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Reducing False Alarms


Responsibility for limitation of false alarms rests with every party involved in the specification, design, installation, commissioning, management at operational level and maintenance of the fire detection and fire alarm system. False alarms at your business pose serious risks to businesses and potentially to staff. There are serious risks from false alarms including complacency towards fire alarms if regular false alarms are happening at your premises, time lost to a business increasing costs and the potential to accrue heavy fines from local councils. Perhaps most importantly false alarms drain valuable time, money and resources from local fire services. In 2016 Devon and Somerset Fire and Rescue services attended 4500 false alarm calls.


legal-costs-of-false-alarmsUnder the Regulatory Reform (Fire Safety) Order 2005 businesses have a legal responsibility to maintain their fire alarm system to ensure it works properly. Failure to maintain your fire alarm systems can result in legal action and fines from local councils. In a recent case in Devon a beach holiday park was fined £40,000 plus £15,500 costs for failing to provide and maintain adequate fire safety planning. In a case in 2015 a flat management company was fined £22,500 plus costs for fire safety failures including a failure to provide and maintain an adequate fire detection and warning system.


rsz_fire_alarm_testingYour Fire Alarm System needs to be maintained in accordance with BS 5839-1. This ensures that the system is healthy, able to detect a fire and function correctly in the event of an activation. Regularly scheduled fire alarm inspection and testing should be completed and issues addressed as soon as possible.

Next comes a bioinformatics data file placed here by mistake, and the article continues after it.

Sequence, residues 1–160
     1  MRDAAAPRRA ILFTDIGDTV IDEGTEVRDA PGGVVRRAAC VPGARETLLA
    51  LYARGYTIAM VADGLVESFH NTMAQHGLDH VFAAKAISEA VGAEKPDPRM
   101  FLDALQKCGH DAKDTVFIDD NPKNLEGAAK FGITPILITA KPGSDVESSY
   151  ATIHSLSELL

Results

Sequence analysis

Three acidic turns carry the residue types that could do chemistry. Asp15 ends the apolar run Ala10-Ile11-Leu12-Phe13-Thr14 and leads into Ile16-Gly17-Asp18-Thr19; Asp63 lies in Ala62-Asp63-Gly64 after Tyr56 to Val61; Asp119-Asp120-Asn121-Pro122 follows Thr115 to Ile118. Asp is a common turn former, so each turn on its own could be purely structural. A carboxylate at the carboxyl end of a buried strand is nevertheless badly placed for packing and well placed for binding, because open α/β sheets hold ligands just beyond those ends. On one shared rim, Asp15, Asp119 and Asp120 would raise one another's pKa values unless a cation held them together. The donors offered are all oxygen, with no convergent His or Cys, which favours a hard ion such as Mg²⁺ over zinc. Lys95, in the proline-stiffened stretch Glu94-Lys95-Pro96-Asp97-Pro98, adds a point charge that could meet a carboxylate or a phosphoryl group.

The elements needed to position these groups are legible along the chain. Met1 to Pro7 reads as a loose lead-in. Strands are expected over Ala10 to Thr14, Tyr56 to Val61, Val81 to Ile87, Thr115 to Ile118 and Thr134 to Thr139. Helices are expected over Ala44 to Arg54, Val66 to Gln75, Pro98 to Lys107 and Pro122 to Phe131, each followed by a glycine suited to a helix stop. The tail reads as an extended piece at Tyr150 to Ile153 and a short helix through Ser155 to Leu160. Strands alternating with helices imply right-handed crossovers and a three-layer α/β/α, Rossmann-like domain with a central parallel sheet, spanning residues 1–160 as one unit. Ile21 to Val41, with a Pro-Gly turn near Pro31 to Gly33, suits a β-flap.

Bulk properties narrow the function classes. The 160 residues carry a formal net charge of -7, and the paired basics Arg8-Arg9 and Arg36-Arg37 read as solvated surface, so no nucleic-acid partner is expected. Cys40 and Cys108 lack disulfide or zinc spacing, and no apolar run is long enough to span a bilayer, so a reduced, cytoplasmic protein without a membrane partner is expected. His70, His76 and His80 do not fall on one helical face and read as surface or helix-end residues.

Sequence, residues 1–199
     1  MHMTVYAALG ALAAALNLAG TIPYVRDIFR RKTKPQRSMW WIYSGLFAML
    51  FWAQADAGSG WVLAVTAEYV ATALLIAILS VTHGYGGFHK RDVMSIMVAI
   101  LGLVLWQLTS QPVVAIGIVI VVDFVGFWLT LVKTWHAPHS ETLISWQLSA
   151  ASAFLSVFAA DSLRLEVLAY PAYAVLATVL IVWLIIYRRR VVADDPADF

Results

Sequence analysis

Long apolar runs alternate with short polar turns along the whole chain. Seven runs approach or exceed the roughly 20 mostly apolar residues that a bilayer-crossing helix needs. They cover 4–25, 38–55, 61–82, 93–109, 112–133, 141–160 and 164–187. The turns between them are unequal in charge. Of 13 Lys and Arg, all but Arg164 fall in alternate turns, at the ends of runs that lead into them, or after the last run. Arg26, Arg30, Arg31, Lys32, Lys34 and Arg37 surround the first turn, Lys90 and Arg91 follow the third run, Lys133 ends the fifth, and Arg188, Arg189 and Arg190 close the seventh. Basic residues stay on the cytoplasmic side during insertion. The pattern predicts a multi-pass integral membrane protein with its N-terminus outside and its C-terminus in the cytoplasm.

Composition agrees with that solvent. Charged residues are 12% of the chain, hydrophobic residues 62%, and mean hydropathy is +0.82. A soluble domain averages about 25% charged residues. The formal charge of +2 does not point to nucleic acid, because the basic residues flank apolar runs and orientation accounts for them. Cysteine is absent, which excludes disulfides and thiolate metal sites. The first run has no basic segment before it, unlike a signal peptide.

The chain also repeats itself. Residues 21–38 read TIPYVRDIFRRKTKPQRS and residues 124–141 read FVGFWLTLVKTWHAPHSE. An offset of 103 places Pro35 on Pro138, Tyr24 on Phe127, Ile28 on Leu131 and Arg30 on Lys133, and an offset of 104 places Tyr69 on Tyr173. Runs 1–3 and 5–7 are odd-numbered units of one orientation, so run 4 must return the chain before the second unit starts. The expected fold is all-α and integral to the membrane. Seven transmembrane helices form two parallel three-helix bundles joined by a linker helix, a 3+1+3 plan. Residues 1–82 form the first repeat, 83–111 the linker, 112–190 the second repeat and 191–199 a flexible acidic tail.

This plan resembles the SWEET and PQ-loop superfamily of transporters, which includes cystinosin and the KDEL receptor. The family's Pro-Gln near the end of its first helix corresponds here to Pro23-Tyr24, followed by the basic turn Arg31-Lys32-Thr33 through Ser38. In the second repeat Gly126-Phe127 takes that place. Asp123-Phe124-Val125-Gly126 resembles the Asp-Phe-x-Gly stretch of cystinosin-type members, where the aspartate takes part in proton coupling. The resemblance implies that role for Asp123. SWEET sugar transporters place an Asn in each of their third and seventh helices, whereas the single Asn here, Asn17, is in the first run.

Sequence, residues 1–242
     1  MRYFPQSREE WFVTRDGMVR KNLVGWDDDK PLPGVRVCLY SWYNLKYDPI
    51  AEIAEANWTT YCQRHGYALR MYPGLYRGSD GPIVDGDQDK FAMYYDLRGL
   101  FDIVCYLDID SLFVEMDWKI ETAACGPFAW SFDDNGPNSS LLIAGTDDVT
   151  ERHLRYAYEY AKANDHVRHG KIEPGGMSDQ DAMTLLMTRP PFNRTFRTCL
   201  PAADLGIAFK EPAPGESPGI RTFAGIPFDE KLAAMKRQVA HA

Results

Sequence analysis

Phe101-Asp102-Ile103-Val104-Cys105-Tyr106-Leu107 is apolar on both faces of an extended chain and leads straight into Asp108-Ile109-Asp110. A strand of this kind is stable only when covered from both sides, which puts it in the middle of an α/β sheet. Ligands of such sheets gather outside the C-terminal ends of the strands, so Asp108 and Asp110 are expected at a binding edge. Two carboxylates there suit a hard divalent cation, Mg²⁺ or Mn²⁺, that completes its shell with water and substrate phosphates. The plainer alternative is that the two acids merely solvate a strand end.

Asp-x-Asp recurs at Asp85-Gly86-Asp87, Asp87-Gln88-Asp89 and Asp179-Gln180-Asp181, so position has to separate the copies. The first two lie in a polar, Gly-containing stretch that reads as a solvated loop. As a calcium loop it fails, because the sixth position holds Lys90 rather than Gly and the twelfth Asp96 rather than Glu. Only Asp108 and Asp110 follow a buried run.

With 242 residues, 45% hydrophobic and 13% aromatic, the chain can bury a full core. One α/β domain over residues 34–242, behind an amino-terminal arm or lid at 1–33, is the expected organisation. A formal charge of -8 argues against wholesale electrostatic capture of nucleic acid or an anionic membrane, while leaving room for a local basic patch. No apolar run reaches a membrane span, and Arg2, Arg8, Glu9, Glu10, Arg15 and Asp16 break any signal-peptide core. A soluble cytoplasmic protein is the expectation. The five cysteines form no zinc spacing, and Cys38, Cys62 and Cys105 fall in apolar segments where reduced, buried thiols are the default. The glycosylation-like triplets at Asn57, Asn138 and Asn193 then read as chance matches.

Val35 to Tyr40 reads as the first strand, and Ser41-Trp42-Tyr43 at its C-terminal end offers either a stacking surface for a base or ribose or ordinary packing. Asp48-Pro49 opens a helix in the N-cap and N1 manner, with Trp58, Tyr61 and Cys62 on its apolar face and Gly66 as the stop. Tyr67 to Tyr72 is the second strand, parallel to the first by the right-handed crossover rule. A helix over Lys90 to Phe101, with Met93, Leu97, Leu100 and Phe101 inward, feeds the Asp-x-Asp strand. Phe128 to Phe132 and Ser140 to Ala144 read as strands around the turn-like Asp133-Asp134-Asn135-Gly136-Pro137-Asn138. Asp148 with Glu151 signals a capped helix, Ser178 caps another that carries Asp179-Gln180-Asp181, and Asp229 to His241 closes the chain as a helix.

Regular scheduled testing is the only way to ensure your system remains in optimal working condition.


Reducing the cause of false alarms is pivotal to reducing false alarms. A full Fire Risk Assessment is the fastest way to identify and rectify major fire alarm risks – as you can identify whether the placement of machinery or other assets is potentially going to increase risks.

In addition there are a number of common causes of false fire alarms that can be easily addressed through proper procedures.

  • Burnt Toast

In London in 2016 businesses were fined almost £500,000 for false fire alarms. False alarms accounted for a third of all fire alarm calls for the year. One of the top culprits was fire alarms in kitchen spaces within offices. Placement of cooking equipment, ensuring extractor fans are fitted and that cooking equipment, including toasters, are properly cleaned is essential to reduce these risks. Having staff made clearly aware of the risks and instructed not to leave food unattended also reduces these alarms dramatically. If you have a commercial grade kitchen, we advise that a fully automatic fire suppression system is installed.

  • Dust

Dust is a fire risk in itself but it also causes fire system detectors to clog and can create false alarms in fire alarm systems. This is a particularly common cause of false alarms in manufacturing and industrial settings. Proper maintenance of extractor fans and regularly scheduled cleaning of fire alarms and machinery is essential to ensure systems remain in working condition.

  • Heat